First, OnStar helps consumers service their cars. If the engine light goes on, a customer can call an OnStar operator, who downloads the car’s diagnostic data, tells the driver what the problem is and lets him know whether he should pull over immediately. In addition, OnStar recently launched a remote diagnostics program that sends customers a monthly e-mail about what’s happening inside their cars: everything from whether the oil needs to be changed to how antilock brakes are performing. This idea was a result of market research. “I still remember the tapes of this woman in Phoenix,” Huber says, recalling one focus group. “She said, ’I don’t want diagnostics. I want triage. Take my vehicle and put it in one of three buckets,’” green, yellow or red, which will tell the driver whether a part is fine, needs attention or is an immediate risk. “We architected the whole vehicle diagnostics program around what this lady said.”
The diagnostics data also allows OnStar to become, in effect, a giant CRM system. Rather than limiting its interactions with customers to the point of sale and the times the customer comes to the dealership for service, GM has an opportunity to interact with its customers every single day. Not only can this build brand loyalty in customers but the company now has a much richer understanding of how people use their cars. Wagoner says that incorporating OnStar data into the company’s business processes has become a required practice for everyone at GM in the United States and Canada, from dealers to engineers.
Real-time information about the vehicles also gives GM early warning of problems that may be a result of design flaws. Industry analysts say that most automakers don’t learn about such problems until at least 18 months after the car has gone to market. That’s how long it takes for owners to discover a problem and take the car to the dealership, for the dealership to pass that information back to the manufacturer, and for the manufacturer to understand what that data is telling them and decide whether a recall is warranted. A large recall can cost a car manufacturer billions.
If an OnStar-equipped vehicle has enough sensors, there is virtually nothing the company can’t learn about it. Huber says that GM has been “aggressively capturing all kinds of operating characteristics” from test models driven by GM engineers, and that this information has already resulted in design changes before the vehicles reached production. GM executives do not like to provide details about what they do with this information because they believe the data gives the company a competitive advantage. GM executives also worry that customers would view this data collection as a privacy violation, even though GM says it collects it only in aggregate (see “Big Brother on Wheels?” on Page 69). However, both Huber and Szygenda acknowledge that the data has the potential to save the company billions of dollars by avoiding manufacturing defects and recalls.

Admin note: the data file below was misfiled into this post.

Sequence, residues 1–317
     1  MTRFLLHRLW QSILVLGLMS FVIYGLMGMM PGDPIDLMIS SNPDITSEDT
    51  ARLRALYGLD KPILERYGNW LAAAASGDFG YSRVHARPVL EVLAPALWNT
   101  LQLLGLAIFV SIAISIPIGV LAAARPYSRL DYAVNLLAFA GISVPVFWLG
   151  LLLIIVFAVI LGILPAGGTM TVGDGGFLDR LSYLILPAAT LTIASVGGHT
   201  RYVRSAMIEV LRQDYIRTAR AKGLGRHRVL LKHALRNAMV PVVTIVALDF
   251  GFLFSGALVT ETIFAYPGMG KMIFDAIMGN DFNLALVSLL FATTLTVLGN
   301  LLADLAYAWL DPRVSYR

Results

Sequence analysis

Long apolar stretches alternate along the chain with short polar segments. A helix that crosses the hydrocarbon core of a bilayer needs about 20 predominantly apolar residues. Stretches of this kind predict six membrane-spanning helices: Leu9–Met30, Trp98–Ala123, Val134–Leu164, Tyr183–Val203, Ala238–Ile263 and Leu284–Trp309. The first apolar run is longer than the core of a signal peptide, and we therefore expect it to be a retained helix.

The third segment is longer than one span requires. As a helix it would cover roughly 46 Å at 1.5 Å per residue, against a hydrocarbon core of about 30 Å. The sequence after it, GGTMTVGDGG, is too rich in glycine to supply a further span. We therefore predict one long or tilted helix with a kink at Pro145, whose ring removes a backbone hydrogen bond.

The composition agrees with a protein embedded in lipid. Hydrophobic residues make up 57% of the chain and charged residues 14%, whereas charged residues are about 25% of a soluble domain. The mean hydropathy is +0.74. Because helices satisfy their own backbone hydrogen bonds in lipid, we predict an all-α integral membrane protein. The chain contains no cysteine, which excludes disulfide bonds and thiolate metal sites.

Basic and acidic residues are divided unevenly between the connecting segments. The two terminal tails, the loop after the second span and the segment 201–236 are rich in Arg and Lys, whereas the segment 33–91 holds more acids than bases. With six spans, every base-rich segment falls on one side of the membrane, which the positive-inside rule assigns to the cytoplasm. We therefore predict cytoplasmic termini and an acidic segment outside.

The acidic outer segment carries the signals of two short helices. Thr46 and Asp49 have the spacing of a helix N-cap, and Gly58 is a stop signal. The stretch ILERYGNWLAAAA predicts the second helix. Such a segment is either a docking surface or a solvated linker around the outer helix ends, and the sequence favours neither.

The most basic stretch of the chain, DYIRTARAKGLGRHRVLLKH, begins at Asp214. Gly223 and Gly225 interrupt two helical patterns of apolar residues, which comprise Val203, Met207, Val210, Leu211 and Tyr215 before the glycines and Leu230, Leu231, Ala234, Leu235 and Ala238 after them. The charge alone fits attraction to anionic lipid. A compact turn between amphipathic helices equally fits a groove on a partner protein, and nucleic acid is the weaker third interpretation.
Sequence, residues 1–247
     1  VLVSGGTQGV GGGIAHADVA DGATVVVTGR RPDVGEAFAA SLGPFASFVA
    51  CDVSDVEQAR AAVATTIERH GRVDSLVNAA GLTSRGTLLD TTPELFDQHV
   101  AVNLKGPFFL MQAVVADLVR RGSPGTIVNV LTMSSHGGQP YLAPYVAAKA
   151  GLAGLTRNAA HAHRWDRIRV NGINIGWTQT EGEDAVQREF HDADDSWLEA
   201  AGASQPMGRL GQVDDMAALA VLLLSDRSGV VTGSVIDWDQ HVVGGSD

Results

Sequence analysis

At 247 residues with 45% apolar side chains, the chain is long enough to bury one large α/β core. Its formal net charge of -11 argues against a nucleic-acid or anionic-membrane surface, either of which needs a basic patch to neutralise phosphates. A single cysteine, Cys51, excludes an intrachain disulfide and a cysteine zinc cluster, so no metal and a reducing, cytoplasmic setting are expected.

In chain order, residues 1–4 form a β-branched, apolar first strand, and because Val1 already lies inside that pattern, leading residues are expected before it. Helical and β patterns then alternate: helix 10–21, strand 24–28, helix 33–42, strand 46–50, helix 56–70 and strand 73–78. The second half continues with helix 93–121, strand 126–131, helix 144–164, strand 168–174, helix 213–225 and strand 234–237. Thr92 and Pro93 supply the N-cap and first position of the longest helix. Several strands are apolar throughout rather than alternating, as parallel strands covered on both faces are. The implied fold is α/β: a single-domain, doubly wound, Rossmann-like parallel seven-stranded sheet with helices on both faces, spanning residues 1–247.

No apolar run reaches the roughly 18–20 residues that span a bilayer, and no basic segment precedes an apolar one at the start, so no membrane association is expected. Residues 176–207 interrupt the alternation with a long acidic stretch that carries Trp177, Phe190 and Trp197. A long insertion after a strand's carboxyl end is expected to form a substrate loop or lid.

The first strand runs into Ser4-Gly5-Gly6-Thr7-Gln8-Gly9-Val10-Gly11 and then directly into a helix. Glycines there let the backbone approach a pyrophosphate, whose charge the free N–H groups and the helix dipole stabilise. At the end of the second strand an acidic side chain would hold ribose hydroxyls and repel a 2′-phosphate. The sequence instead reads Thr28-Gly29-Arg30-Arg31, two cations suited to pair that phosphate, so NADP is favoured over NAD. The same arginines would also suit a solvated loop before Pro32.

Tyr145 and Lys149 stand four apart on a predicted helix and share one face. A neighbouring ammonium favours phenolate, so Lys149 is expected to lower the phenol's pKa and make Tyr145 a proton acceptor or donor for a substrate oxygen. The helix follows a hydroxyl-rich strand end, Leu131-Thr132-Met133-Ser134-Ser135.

The Road Ahead
This year 3 million GM vehicles will come equipped with OnStar. The system will be standard in every GM car by the end of 2007. Huber says that the renewed emphasis on safety, and the accompanying advertising campaign, has helped drive customer retention rates up to around 66 percent. Also, a few years ago, the division reached a deal with Verizon to provide wireless telephone services to customers, bringing in extra revenue and making the OnStar service more appealing. The OnStar phone is one of the 3-watt clunkers that early adopters used to carry around like a briefcase, so it gets reception in areas that handheld phones, which typically have only 250 milliwatts of power, do not. Voice-activated dialing makes calling safer.
As OnStar stepped up its advertising campaign, focus group testing showed that the public’s association of the brand with GM increased. In recognition of this, OnStar changed its name to OnStar by GM in 2004. The company is no longer trying to get OnStar into other automakers’ vehicles. Other automakers aren’t keen, either, to deploy a competitor’s technology. Audi, Subaru and Volkswagen have stopped installing OnStar in their cars.
GM’s new strategy for OnStar recognizes that OnStar’s value is not as an independent product but as a tool for manufacturing. “We can save GM a lot of money,” says Huber. With the ability to help improve vehicles during preproduction and differentiate them post-production, OnStar could improve GM’s bottom line.
At this point, says Szygenda, OnStar’s capabilities are limited only by its engineers’ imaginations. For all its sophistication, “it is an immature application,” he says. “We have been running computers to assist the business for longer than I’ve been around [GM]. But we are just learning what we can do in the vehicle.”
Ultimately each decision about OnStar will be made according to the lesson about value that it took GM nearly 10 years to learn: Focus on your core business, and don’t get seduced by what technology allows you to do. “We have an IT capability,” says Szygenda, “but we are a car company.”